Your RightFax server may be the pinnacle of fax technology, but things weren’t always so advanced in the world of fax. It has taken mankind more than 165 years to go from the first fax ever sent to high-quality email-to-fax technology.
The First Fax Technology
The first known fax technology is credited to Alexander Bain, a Scottish inventor and engineer who specialized in clocks. He was the first inventor to patent an electric clock and also installed the railway telegraph lines between Edinburgh and Glasgow.
In the early 1840s, he built an experimental fax machine and used a clock to synchronize the movements of two pendulums that scan an image line by line. The image was initially placed on a cylinder, scanned by the sending machine and reproduced by the receiving machine using a chemical solution.
The images were usually of very low quality.
Developed in the 1850s by Italian physicist Giovanni Caselli, the pantelegraph was one of the earliest precursors to the modern fax machine. It was used throughout the 1960s to send handwriting and images over telegraph lines, and was most commonly used to verify signatures during banking transactions. Documents sent using the device could measure up to 15 cm by 10 cm.
The pantelegraph worked over long distances, but was slow. A single sheet of paper measuring 111 mm by 27 mm (4 inches by 1 inch) that contained about 25 words would take almost two full minutes to transmit. This is because the device, like Bain’s original machine, used a regulating clock and a pendulum that kept the scanning stylus of the sending machine in lockstep with the writing stylus of the receiving machine.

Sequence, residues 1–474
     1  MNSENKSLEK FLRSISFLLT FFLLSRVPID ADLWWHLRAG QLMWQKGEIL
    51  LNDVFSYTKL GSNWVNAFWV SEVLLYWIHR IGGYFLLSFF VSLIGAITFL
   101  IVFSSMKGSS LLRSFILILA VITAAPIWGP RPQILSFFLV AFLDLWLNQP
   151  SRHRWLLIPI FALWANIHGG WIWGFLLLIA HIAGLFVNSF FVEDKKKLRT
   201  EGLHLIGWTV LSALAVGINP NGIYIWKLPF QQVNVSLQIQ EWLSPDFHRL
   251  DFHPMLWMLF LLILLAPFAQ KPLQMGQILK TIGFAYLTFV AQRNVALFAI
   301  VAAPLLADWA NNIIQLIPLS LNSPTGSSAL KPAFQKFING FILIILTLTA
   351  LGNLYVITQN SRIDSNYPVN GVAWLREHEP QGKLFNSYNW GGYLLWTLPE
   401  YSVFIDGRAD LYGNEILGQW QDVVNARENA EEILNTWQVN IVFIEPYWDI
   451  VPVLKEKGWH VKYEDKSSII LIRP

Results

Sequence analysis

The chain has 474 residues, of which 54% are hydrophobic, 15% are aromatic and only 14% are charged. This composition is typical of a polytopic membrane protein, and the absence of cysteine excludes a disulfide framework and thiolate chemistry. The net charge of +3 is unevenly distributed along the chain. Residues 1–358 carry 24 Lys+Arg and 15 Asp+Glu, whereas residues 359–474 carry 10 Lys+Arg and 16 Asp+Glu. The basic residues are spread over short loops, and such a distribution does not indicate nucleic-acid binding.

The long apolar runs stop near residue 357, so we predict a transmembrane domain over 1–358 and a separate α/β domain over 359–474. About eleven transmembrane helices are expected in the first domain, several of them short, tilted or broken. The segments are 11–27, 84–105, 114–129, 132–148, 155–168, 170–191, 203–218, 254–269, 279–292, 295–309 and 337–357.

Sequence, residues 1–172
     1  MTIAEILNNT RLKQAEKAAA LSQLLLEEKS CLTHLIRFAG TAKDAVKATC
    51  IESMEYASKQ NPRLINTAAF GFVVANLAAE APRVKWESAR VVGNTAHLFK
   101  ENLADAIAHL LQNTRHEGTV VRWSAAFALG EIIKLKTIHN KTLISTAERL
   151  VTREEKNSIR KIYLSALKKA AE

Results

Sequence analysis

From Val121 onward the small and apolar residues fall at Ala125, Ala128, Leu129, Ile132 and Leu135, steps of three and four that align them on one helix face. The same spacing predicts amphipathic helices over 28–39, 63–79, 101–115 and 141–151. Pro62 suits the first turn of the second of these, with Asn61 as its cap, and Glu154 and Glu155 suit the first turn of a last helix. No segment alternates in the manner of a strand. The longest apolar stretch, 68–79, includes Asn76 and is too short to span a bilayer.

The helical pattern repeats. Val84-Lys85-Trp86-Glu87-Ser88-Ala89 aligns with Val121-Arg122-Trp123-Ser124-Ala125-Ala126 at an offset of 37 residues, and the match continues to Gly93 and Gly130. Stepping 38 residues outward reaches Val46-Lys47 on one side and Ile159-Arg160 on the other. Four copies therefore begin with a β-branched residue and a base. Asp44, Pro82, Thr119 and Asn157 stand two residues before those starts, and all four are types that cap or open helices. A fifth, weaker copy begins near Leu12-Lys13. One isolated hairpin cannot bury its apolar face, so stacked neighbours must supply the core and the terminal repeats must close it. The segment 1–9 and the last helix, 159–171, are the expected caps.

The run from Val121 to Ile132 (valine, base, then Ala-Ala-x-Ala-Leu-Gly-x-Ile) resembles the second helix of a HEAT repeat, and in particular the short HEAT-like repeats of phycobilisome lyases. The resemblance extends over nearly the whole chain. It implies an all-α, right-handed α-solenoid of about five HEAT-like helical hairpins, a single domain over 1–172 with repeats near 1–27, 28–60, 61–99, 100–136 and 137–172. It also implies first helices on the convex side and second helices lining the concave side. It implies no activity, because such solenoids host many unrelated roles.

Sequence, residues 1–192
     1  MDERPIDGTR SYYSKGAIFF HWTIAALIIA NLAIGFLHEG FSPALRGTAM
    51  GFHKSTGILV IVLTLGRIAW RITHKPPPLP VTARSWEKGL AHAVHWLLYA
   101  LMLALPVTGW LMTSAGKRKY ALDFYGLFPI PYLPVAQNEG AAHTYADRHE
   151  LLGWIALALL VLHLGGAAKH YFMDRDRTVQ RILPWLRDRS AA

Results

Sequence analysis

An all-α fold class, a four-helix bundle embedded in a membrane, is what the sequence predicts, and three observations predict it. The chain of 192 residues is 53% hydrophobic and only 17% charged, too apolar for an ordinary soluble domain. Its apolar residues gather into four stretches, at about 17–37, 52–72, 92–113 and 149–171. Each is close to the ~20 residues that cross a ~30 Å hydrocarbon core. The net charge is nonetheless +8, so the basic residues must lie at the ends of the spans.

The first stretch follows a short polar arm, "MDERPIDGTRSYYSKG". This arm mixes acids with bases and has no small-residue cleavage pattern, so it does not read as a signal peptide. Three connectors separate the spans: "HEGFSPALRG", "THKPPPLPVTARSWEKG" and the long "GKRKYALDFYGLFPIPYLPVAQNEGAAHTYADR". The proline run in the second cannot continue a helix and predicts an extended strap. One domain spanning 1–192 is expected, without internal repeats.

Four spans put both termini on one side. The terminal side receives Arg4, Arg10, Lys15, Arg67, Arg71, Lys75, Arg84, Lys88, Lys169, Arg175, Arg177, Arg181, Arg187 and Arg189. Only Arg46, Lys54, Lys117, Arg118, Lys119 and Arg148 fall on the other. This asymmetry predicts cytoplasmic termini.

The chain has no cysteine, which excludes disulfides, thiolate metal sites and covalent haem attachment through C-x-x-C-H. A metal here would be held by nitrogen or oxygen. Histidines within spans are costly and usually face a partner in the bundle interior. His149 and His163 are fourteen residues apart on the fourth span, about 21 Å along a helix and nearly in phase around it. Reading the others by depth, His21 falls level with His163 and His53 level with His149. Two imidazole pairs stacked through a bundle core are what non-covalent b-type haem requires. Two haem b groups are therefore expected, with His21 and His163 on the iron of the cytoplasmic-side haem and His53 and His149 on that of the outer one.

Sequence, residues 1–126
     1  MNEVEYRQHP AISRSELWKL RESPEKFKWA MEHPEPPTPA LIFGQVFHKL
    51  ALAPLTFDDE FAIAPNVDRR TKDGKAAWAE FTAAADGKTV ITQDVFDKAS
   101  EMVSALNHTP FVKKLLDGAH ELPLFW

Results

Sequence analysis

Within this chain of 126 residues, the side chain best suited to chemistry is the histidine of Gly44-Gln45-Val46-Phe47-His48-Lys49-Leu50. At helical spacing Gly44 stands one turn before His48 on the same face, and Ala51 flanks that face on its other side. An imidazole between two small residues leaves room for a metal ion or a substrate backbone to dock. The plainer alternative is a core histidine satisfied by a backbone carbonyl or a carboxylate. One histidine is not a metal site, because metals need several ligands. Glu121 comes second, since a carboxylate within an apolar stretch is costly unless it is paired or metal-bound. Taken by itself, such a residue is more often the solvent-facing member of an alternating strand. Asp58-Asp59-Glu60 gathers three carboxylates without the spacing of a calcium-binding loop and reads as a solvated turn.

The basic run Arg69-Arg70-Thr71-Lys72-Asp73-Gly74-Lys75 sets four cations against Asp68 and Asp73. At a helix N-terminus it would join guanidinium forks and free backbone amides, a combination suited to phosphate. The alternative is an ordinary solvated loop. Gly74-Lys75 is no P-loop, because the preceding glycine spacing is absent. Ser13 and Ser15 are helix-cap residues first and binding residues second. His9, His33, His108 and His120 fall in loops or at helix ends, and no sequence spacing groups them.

Two pendulums, weighing 18 lbs each and mounted on 6.5 ft frames, allowed for two messages to be sent at once. The messages were written using insulating ink on fixed metal plates. They were then scanned and the message transmitted via telegraph lines to the receiving apparatus, which would reproduce the images using paper containing potassium ferricyanide, a substance that darkens when electric current from the writing stylus passes through it.
There are few pantelegraphs left today, and two were demonstrated in 1982. They were left to run for six hours a day for several months.
They produced no errors during transmission.
Radiofax, also known as weatherfax and HF fax, is an analogue method of transmitting monochrome images. It was primarily used in the 1950s to transmit weather charts across the U.S. using landlines. Messages were eventually sent internationally via high frequency (HF) Radio.
This precursor to telephone line fax machines was traditionally known by the term “radiofacsimile,” and it uses similar fax technology to transmit messages. Documents are scanned line by line and encoded into electrical signals that are sent via physical lines or radio waves.
Radiofax is still available and used today by The National Oceanic and Atmospheric Administration (NOAA) to send weather charts, satellite weather images, and forecasts to ships at sea.
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